Scholarly
    Communications Project


Document Type:Master's Thesis
Name:Nancy A. Brauer
Email address:nbrauer@vt.edu
URN:1998/00230
Title:Fluid inclusions as a monitor of progressive grain-scale deformation during cooling of the Papoose Flat pluton, eastern California
Degree:Master of Science
Department:Geological Sciences
Committee Chair: R. J. Bodnar and R. D. Law
Chair's email:bubbles@vt.edu
Committee Members:R. J. Tracy
Keywords:fluid inclusions, deformation, brittle-ductile transition, Papoose Flat pluton
Date of defense:December 18, 1997
Availability:Release the entire work for Virginia Tech access only.
After one year release worldwide only with written permission of the student and the advisory committee chair.

Abstract:

Analyses of fluid inclusions and microstructures within the Papoose Flat pluton were used to investigate the chemistry and temperatures of fluids circulating with the pluton during cooling. Based on previous microstructural analyses, the interior of this late Cretaceous granitic to granodioritic pluton has been divided into three domains: i) a central core characterized by magmatic microstructures, ii) a middle domain of high temperature (>500C) solid-state deformation, and iii) an outermost domain characterized by relatively low temperature (<500C) solid-state deformation. According to previously published anisotropy of magnetic susceptibility analyses and pluton cooling models, plastic flow occurred in both the outer part of the pluton and within its aureole rocks while the core of the pluton was still molten. Solid-state deformation is proposed to have stopped when the pluton interior cooled through its solidus less than 100,000 years after magma emplacement.

Microstructural analysis of samples from all three domains confirmed the transition from magmatic flow in the core of the pluton to solid-state deformation at the pluton margin. However, weakly developed solid-state microstructures overprint the dominant magmatic microstructures in samples from the core domain. The existence of solid-state microstructures in all three domains indicates that deformation continued during and after crystallization of the interior of the pluton.

Two phase, low salinity (< 26 wt% NaCl equivalent), liquid-rich aqueous fluid inclusions predominate within both quartz and feldspar grains in all samples. Throughout the pluton, the majority of fluid inclusions are hosted by deformed grains. Feldspar-hosted primary inclusions are associated with sericitic alteration. Inclusions were also observed in feldspar as secondary or pseudosecondary inclusions along fractures. Inclusions in quartz are frequently found near lobate grain boundaries or near triple junctions; linear pseudosecondary inclusion assemblages are commonly truncated against lobate boundaries between adjacent quartz grains, indicating that discrete microcracking events occurred during plastic deformation.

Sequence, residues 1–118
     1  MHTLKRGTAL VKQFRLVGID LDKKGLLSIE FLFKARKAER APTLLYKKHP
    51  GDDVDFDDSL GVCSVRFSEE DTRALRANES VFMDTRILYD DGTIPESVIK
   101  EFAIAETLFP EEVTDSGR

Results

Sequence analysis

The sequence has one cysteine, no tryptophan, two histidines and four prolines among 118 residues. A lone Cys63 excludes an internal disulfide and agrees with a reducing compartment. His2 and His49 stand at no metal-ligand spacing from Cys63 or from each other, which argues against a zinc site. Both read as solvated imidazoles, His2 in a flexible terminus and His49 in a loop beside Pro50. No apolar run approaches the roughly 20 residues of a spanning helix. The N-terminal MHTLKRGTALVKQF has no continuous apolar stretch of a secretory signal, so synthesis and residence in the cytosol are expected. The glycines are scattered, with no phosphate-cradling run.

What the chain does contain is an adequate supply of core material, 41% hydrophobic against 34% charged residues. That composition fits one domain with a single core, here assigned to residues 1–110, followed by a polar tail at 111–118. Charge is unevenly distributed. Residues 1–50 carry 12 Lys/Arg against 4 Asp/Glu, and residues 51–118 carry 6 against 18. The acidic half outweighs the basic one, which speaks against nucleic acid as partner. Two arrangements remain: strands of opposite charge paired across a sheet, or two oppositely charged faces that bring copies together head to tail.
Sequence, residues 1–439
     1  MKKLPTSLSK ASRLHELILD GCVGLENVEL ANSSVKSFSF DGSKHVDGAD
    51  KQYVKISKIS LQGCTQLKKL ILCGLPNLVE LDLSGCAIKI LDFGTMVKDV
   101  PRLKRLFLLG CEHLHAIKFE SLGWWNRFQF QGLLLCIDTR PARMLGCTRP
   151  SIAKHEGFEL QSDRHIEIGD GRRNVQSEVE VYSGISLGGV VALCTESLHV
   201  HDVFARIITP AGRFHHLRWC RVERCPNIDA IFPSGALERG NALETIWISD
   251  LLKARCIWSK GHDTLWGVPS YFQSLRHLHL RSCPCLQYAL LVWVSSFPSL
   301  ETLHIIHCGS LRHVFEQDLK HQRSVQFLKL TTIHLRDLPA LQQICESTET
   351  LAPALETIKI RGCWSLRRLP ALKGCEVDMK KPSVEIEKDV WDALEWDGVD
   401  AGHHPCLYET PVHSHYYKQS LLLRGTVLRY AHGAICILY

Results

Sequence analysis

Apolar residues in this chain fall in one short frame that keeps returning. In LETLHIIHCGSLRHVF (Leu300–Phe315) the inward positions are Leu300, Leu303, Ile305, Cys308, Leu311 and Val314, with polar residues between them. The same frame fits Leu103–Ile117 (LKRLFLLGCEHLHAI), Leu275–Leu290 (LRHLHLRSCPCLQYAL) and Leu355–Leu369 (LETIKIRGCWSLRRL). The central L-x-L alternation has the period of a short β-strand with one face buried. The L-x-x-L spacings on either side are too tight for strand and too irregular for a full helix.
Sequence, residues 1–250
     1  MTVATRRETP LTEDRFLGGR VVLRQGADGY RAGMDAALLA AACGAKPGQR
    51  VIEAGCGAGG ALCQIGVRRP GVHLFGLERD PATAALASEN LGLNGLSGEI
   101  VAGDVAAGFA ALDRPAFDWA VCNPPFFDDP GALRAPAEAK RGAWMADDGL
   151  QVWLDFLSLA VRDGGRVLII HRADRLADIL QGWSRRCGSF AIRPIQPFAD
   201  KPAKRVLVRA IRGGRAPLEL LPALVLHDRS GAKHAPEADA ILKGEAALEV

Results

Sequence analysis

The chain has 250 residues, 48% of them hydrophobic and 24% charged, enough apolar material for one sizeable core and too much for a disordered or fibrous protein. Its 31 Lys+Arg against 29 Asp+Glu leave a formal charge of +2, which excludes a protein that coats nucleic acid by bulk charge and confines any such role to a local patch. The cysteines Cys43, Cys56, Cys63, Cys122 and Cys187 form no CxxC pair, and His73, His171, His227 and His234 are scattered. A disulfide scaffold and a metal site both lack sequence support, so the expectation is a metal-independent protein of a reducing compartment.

Homogenization temperatures overlap for all three microstructural domains. Coexisting andalusite and cordierite in the contact aureole, and the intersection of the Mus + Qtz dehydration reaction with the granite solidus, indicate trapping pressures between 3.8 and 4.2 kb. Ninety-eight percent of the calculated fluid inclusion trapping temperatures at 3.8 - 4.2 kb are below the granite solidus of 650C. Seventy-six percent of the trapping temperature data fall within the more restricted range of 350-500C; i.e. at temperatures which are lower than the commonly cited brittle-ductile transition temperatures for feldspar at natural strain rates, but above those for quartz. No correlation could be established between trapping temperatures and either host mineral or microstructural domain within the pluton.

The similar, relatively low trapping temperatures indicate that the majority of inclusions preserved in all three domains were trapped during the late low strain magnitude stages of solid-state deformation. The most common fluid inclusion trapping temperatures (400-500C) in all three microstructural domains are similar to the deformation temperatures indicated by microstructures and crystal fabrics in the outer part of the pluton; these trapping temperatures are obviously lower than temperatures associated with contemporaneous solid state and magmatic flow in the pluton interior. The similar trapping temperatures within the pluton core and margin must indicate that the inclusion-trapping event migrated from the margin to the core of the pluton as it cooled, because fluid inclusions would rapidly equilibrate to a density appropriate for the PT conditions of their host minerals.


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